16. A novel plasticized composition which comprisesv a normally solid polymer of trifiuorochloroethylene having a N.S.T. above about 300 C. admixed with a polymer of trifluorochloroethylene produced by thermally cracking solid polymer, said polymer admixture consisting essentially of between about 25 and about 40 weight percent of said normally solid polymer of trifiuorochloroethylene having a N.S.T. above about 300 C. and correspondingly between about 75 and about 60 weight percent of said thermally cracked polymer, said thermally cracked polymer consisting essentially of between about 40 and about 70 weight percent of a waxy polymer of trifiuorochloroethylene having a melting point between about 75 C. and about 125 C. and correspondingly between about 60 and about 30 weight percent of a liquid polymer boiling between about 300 C. and about 450 C. at atmospheric pressure.

References Cited in the file of this patent UNITED STATES PATENTS ER. R ER NCES India Rubber World (July 1950), page 437.

UNITED STATES PATENT OFFICE CERTIFICATE OF CORRECTION Patent Noa 2,915,483 December 1, 1959 William S Barnhart It is herebfi certified that error appears in the-printed specification of the above numbered patent requiring correction and that the said Letters Patent should read as corrected below.

Column 4., lines 4 and 5, strike out "vinylidene fluoride, vinyl cl1lori.de,"; column 6, line 33, for "330 0.," read 300 C.

Signed and sealed t is 24th day of May 1960.

(SEAL) Attest KARL AXLINE ROBERT c. WATSON Attesting Officer Commissioner of Patents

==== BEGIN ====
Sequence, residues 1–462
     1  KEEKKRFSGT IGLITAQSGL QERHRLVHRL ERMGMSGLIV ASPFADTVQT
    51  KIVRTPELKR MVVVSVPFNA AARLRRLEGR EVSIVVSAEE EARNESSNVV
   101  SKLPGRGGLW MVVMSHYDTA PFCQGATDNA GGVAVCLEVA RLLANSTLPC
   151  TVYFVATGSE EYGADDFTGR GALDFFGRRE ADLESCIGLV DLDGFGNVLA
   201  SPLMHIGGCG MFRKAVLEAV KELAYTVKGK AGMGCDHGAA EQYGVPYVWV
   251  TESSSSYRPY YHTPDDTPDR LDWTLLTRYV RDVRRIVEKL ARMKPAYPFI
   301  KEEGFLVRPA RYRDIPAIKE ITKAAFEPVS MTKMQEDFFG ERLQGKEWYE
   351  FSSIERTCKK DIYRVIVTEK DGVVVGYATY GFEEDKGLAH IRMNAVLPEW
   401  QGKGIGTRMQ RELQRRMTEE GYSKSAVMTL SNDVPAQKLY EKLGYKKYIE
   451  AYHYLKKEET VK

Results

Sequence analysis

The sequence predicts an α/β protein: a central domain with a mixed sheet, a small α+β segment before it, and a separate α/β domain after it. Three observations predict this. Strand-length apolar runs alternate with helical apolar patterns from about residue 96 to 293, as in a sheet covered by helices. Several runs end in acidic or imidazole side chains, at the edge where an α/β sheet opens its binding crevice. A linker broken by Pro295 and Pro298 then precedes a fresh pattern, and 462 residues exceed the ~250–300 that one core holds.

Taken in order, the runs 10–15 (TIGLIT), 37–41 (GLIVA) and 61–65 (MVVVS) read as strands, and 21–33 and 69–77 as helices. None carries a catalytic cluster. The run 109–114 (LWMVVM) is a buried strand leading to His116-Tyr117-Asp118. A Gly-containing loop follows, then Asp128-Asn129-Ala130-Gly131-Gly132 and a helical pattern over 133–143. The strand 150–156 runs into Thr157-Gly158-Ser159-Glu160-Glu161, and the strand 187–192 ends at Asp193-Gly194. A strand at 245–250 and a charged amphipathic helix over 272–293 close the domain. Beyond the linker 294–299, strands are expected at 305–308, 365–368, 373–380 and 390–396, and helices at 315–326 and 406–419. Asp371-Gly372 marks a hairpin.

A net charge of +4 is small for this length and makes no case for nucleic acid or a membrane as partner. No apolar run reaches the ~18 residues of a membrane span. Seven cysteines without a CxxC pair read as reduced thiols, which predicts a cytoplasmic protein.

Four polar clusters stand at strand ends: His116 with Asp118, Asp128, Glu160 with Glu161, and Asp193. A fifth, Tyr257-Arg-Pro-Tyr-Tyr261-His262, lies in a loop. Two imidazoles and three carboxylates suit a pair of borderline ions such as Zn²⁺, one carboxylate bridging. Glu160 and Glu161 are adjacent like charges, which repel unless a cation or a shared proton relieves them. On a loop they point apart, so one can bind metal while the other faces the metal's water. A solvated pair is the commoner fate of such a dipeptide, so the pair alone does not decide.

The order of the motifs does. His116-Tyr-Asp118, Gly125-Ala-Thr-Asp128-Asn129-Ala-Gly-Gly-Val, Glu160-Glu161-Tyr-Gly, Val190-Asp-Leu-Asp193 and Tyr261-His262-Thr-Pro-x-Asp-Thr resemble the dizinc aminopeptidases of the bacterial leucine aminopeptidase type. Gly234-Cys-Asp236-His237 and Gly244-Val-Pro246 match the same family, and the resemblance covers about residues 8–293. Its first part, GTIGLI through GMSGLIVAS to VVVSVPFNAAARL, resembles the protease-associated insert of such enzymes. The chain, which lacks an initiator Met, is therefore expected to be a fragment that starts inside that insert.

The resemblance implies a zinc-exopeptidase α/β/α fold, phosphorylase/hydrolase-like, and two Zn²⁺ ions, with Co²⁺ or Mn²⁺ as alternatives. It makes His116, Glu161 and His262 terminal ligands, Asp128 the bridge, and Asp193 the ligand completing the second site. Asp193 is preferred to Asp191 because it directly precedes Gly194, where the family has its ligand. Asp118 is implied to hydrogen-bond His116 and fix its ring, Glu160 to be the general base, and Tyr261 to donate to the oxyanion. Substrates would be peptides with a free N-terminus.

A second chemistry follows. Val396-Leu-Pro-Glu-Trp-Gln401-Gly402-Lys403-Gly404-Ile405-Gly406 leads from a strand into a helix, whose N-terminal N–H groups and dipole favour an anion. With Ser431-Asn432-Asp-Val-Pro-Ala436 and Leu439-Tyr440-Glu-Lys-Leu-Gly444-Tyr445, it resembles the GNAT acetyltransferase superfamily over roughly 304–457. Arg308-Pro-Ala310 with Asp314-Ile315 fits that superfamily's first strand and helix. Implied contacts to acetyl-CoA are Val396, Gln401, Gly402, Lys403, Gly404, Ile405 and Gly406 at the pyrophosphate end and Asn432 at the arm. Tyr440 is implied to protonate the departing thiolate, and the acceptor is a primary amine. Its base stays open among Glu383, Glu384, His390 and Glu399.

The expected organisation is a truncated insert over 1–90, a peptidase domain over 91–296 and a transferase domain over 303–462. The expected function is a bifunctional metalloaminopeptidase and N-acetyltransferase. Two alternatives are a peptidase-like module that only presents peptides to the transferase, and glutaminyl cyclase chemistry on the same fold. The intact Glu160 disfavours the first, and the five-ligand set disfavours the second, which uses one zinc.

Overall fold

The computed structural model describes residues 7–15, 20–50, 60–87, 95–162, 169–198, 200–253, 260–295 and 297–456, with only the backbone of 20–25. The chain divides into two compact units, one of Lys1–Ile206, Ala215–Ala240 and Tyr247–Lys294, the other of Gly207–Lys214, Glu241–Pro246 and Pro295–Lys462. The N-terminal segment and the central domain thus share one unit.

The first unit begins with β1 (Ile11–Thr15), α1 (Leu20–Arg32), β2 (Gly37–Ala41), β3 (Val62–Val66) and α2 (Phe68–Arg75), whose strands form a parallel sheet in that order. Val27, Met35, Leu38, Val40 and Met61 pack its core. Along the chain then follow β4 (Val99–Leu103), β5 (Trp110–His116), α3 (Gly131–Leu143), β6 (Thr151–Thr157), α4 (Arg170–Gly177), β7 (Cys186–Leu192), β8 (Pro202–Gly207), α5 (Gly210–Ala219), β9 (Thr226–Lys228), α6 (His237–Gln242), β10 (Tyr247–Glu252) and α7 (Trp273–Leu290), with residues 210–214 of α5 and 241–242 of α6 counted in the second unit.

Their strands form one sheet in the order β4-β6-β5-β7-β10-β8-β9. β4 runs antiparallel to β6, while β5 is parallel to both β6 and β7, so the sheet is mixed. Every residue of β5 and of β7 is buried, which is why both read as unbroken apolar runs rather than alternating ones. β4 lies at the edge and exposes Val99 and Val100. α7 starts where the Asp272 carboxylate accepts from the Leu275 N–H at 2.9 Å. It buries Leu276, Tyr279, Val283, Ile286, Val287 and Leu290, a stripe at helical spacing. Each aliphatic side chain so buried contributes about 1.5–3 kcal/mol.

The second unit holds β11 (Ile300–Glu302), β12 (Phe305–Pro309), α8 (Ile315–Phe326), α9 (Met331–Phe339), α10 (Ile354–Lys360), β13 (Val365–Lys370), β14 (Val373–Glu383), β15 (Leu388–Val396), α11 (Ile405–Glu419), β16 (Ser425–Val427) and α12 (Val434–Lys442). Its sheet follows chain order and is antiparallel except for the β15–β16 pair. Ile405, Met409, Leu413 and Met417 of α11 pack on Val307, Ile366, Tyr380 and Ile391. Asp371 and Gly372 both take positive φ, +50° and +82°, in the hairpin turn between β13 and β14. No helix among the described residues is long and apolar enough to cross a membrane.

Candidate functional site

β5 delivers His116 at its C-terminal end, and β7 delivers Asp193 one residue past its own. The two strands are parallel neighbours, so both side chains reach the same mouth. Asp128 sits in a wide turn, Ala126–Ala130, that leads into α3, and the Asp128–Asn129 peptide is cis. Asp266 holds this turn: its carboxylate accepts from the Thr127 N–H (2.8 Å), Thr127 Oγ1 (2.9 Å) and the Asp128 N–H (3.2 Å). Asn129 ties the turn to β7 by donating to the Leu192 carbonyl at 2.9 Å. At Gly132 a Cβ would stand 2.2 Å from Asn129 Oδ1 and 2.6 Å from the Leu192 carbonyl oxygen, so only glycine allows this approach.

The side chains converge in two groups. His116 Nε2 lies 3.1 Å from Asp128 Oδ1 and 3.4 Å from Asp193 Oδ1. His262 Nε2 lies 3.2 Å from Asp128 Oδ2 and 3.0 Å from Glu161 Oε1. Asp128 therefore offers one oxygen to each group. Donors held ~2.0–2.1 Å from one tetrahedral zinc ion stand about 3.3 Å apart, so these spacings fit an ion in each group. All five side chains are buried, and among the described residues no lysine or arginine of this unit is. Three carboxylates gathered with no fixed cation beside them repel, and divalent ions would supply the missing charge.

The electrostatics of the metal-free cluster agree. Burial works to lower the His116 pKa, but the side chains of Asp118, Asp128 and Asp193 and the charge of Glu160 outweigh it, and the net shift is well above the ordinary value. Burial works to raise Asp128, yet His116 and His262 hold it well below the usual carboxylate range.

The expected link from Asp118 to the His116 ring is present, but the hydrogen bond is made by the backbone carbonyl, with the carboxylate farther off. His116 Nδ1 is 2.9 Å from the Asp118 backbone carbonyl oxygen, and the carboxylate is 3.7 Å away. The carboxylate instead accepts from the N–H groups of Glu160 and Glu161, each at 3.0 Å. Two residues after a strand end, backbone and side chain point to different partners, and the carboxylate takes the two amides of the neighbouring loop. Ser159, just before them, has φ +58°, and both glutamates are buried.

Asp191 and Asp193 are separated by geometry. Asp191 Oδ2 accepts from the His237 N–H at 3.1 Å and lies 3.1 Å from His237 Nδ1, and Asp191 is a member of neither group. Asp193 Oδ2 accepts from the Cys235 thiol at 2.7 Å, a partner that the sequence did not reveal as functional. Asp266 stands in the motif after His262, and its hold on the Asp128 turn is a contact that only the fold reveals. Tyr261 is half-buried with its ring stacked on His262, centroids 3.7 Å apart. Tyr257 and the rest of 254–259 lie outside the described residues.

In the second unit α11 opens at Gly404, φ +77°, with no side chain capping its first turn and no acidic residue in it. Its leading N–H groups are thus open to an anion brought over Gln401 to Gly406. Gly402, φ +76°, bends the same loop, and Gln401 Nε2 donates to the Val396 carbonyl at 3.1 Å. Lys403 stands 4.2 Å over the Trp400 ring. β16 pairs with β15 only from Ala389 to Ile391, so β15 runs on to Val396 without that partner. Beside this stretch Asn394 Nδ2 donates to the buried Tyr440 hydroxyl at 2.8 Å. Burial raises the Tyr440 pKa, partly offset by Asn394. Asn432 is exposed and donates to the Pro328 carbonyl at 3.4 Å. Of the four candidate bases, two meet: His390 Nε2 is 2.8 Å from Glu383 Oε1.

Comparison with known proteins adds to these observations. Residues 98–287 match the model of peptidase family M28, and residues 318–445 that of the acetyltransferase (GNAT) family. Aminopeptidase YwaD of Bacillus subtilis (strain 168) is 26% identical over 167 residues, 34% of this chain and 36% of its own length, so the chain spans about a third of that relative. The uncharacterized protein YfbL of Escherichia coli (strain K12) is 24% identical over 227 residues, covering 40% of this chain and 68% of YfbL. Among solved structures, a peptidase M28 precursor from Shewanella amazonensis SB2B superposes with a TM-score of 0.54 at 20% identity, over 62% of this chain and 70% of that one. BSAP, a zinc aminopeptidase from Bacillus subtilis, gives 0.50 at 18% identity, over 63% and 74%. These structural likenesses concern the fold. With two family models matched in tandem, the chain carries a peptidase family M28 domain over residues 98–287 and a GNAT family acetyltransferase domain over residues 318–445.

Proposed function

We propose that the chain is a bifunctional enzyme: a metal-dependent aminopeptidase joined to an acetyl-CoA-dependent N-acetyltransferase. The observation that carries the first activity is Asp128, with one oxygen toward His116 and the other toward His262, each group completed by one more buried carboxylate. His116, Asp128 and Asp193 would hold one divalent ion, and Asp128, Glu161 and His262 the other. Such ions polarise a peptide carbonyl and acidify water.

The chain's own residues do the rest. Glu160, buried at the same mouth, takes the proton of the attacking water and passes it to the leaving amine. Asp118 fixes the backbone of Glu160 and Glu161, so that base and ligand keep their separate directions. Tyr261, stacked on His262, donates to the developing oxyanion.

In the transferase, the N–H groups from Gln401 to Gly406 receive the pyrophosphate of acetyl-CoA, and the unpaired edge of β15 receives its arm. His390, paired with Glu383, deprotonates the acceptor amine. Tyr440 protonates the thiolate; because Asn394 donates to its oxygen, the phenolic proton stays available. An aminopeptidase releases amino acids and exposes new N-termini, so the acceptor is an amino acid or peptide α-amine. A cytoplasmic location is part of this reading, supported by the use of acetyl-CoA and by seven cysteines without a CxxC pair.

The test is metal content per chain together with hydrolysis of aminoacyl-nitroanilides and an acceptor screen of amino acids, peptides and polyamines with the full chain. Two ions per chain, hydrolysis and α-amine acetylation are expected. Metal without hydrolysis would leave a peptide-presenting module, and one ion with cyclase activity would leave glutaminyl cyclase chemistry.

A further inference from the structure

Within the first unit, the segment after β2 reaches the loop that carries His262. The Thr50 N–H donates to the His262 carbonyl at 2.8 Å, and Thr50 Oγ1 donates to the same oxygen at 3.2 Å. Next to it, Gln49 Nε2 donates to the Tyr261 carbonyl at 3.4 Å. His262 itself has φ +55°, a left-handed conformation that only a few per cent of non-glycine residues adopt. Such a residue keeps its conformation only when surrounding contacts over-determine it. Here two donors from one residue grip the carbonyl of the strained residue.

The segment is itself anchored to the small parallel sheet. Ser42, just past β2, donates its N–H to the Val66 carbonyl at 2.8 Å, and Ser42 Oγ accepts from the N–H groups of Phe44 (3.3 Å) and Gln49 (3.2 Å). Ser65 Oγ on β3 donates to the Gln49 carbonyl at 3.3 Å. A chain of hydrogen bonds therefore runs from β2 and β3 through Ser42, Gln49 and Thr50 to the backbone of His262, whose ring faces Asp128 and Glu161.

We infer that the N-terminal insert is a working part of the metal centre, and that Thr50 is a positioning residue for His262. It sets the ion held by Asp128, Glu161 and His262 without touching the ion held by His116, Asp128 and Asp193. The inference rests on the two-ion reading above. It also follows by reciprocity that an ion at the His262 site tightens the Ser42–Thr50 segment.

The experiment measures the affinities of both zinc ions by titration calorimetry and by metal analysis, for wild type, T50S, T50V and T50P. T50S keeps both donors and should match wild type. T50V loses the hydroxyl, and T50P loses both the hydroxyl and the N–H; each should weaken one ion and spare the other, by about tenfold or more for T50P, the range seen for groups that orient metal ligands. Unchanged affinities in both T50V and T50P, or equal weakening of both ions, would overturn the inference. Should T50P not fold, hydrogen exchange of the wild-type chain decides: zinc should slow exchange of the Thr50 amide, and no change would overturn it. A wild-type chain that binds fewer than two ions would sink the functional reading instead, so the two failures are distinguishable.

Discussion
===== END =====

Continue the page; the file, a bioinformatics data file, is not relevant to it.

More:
Patent Citations
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US2600802 *Mar 25, 1949Jun 17, 1952Kellogg M W CoPlasticization of perhalocarbon polymers
US2775569 *Dec 30, 1949Dec 25, 1956Kellogg M W CoDispersion of fluorochlorocarbon polymers
Referenced by
Citing PatentFiling datePublication dateApplicantTitle
US3423491 *Sep 2, 1964Jan 21, 1969Dow Chemical CoPermselective hollow fibers and method of making
US3518332 *Nov 22, 1967Jun 30, 1970Esb IncMethod for making thin,microporous fluorocarbon polymer sheet material
US4550123 *Jun 1, 1984Oct 29, 1985Albany International Corp.Melt blend of polymer and diluent containing activated carbon particles
US4702836 *Jul 11, 1986Oct 27, 1987Asahi Kasei Kogyo Kabushiki KaishaPorous fluorine resin membrane and process for preparing the same
US4721732 *Apr 30, 1986Jan 26, 1988Raychem CorporationBlends, polyether ketone copolymer blends
US4902456 *May 4, 1988Feb 20, 1990Millipore CorporationFluorocarbon membranes and process for making fluorocarbon membranes
US4906377 *May 3, 1989Mar 6, 1990Millipore CorporationFluorocarbon membranes and process for making fluorocarbon membranes
US5032274 *Aug 17, 1990Jul 16, 1991Millipore CorporationProcess for producing fluorocarbon membranes and membrane product
US5525279 *Apr 4, 1994Jun 11, 1996Sekisui Kagaku Kogyo K.K.Cellulose acetate with reduced concentration of plasticizer
US5700844 *Apr 9, 1996Dec 23, 1997International Business Machines CorporationProcess for making a foamed polymer
US5756021 *Mar 29, 1996May 26, 1998International Business Machines CorporationElectronic devices comprising dielectric foamed polymers
US5776990 *Mar 11, 1993Jul 7, 1998International Business Machines CorporationFoamed polymer for use as dielectric material
Classifications
U.S. Classification521/62, 525/199, 521/145, 521/87, 264/49, 570/152, 526/234, 526/249, 570/139, 521/140
International ClassificationB01D71/32, B01D67/00, C08J9/26
Cooperative ClassificationC08J2327/12, B01D71/32, B01D67/003, C08J9/26
European ClassificationB01D67/00K18D, C08J9/26, B01D71/32